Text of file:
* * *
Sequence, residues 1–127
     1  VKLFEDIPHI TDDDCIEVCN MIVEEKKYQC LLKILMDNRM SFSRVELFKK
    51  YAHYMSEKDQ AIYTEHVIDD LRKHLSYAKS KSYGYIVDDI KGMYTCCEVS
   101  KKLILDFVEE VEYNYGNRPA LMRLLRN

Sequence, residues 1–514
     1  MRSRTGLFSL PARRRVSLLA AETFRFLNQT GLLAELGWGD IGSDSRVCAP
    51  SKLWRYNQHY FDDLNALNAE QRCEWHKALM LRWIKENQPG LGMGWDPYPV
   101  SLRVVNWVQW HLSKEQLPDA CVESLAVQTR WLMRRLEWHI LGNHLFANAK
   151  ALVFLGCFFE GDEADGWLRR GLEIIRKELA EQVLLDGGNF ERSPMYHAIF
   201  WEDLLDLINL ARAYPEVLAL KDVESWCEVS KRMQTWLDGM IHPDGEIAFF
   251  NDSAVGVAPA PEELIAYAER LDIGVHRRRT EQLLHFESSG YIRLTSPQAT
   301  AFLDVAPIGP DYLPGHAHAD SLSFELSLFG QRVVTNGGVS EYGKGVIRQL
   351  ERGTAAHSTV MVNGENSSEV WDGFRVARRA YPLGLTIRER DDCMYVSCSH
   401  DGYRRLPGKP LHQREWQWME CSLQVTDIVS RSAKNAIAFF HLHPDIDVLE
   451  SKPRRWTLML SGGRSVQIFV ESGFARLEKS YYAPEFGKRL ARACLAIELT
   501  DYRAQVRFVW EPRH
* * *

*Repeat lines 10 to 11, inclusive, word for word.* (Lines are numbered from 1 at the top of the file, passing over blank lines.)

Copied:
   201  WEDLLDLINL ARAYPEVLAL KDVESWCEVS KRMQTWLDGM IHPDGEIAFF
   251  NDSAVGVAPA PEELIAYAER LDIGVHRRRT EQLLHFESSG YIRLTSPQAT